• DNA has proven conclusively that although early modern humans and Neanderthals lived separately, about 55,000 years ago they did produce some joint offspring. Consequently, today the average European has just less than 2% Neanderthal DNA, while people whose origins lie in Asia, Australia and the Americas have an average of just over 2% Neanderthal DNA.  It’s possible that this is where we get (amongst other traits) our straight hair and our ability to retain weight (– this was a good thing 55,000 years ago).
  • Mitochondrial DNA has helped to solve a mystery about the apparent annihilation of Celtic as the language of Britain prior to the Anglo-Saxon invasions. The almost complete disappearance of the Celtic language from England, leaving it only in the West of the British Isles, was suggestive of the massacring of the people.  And yet DNA shows this did not happen.  Only the language was lost; the people remained.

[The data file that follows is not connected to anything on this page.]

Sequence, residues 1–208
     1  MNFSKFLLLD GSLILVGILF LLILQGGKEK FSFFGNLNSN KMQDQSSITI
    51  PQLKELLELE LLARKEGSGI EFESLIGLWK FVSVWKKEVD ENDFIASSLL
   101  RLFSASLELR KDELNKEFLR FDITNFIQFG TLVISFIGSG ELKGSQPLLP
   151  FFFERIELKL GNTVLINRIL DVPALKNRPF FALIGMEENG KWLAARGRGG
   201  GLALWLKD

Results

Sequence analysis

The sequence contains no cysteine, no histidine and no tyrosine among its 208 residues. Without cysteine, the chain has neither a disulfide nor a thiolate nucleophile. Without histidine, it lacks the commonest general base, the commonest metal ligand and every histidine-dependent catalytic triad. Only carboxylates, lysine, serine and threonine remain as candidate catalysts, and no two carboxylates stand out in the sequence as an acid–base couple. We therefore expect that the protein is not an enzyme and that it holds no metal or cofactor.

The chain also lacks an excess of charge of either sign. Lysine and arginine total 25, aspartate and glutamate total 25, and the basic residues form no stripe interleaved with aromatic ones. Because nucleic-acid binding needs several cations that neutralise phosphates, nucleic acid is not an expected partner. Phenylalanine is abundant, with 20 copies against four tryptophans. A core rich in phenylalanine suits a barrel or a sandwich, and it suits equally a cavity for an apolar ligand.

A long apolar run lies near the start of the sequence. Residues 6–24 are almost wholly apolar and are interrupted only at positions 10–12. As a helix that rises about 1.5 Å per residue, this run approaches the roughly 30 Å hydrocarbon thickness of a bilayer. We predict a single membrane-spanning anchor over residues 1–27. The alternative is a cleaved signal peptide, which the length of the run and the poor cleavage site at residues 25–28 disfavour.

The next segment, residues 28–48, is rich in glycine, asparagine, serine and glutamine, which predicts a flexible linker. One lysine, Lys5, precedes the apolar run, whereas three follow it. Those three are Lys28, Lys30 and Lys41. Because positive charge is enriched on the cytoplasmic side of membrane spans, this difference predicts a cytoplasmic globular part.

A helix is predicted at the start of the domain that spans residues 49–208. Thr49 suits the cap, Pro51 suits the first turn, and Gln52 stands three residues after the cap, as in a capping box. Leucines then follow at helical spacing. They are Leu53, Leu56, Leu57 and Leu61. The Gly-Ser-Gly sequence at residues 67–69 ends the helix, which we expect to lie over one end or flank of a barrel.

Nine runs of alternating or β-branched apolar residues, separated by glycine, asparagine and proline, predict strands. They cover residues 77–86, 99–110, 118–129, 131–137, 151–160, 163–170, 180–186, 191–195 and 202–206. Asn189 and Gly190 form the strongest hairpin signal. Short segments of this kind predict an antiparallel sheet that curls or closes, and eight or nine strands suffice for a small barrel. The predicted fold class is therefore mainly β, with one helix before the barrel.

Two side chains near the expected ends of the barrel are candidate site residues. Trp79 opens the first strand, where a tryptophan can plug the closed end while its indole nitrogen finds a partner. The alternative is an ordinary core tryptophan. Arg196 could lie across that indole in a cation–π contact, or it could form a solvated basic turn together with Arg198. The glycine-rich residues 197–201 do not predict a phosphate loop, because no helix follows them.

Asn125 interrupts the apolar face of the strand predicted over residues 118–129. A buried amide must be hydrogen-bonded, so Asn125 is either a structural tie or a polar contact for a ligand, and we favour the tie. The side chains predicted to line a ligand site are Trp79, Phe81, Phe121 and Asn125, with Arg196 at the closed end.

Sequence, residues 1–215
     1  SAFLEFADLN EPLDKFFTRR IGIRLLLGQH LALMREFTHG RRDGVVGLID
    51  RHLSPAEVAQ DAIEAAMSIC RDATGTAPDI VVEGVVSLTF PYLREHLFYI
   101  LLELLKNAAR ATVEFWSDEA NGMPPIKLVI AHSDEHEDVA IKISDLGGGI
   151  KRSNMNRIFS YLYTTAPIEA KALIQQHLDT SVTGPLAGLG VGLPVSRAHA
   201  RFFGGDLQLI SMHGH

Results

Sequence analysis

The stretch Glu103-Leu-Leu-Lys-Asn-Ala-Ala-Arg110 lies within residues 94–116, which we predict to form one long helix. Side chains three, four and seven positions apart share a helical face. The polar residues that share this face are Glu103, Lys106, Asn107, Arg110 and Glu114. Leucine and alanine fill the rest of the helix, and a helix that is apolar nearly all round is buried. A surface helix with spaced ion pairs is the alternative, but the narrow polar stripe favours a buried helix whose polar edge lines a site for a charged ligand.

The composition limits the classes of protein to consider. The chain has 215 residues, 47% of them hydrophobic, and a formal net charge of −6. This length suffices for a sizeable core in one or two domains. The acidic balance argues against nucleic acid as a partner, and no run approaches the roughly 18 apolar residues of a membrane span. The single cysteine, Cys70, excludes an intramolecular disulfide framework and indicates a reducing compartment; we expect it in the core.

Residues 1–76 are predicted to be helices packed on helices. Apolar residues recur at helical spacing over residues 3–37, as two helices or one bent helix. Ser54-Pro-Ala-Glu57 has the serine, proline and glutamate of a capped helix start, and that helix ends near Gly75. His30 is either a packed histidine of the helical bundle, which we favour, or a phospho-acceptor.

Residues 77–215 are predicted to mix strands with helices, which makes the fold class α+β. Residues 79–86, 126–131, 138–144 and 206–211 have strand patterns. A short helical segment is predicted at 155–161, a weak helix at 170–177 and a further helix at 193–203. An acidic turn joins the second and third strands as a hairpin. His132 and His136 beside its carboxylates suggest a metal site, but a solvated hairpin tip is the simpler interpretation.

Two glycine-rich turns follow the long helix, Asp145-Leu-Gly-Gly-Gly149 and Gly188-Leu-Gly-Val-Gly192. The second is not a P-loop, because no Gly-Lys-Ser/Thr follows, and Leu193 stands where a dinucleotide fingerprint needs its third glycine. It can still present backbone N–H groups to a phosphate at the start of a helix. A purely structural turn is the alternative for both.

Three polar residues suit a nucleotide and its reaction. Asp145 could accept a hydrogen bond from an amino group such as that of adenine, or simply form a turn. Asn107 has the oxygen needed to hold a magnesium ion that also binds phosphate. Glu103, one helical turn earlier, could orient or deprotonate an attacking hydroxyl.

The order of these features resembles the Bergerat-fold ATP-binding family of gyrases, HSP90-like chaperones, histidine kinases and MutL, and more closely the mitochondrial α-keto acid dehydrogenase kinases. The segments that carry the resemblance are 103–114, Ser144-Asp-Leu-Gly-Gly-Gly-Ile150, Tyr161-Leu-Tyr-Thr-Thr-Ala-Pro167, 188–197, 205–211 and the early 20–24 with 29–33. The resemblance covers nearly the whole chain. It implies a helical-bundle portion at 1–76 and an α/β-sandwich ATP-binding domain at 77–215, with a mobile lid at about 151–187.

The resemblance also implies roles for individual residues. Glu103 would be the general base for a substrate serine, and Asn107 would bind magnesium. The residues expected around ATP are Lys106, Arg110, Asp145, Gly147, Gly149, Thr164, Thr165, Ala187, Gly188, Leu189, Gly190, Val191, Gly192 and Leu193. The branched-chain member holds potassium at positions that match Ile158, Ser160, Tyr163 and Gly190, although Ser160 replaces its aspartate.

• Comparisons of mtDNA and Y-DNA in the British Isles has also shown that not all Viking invasions were violent. If the reverse were true, there would be a great deal of Viking Y-DNA and very little Viking mitochondrial amongst the British people, but this is not the case.  Therefore many Viking incomers were couples who came peaceably and settled.
  • It was mtDNA sequencing that proved the skeleton found under a car park in Leicester was that of King Richard III. His mitochondrial DNA, as received from their mother, was passed down through the female line from his sister to two relatives alive today.

Can this help with our documented family trees?